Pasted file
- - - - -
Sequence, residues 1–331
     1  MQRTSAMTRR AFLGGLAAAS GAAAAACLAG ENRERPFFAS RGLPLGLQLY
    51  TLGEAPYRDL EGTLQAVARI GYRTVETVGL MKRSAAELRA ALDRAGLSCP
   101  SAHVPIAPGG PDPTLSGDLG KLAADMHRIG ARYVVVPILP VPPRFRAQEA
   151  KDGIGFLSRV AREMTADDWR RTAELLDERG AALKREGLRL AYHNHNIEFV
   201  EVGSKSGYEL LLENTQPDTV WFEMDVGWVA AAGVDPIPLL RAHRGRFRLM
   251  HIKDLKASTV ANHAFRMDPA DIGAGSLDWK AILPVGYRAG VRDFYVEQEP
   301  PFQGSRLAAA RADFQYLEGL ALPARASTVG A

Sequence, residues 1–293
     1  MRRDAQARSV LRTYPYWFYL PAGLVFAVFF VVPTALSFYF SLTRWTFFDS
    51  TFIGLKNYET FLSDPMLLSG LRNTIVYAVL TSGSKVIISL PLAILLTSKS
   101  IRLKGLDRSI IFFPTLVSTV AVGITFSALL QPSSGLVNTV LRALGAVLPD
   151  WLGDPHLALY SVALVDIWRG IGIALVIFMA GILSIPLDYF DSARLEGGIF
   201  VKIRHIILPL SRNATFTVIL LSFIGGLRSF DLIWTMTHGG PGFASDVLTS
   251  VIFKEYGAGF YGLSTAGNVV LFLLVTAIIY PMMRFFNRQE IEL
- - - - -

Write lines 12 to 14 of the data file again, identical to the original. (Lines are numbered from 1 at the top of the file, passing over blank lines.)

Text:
   101  IRLKGLDRSI IFFPTLVSTV AVGITFSALL QPSSGLVNTV LRALGAVLPD
   151  WLGDPHLALY SVALVDIWRG IGIALVIFMA GILSIPLDYF DSARLEGGIF
   201  VKIRHIILPL SRNATFTVIL LSFIGGLRSF DLIWTMTHGG PGFASDVLTS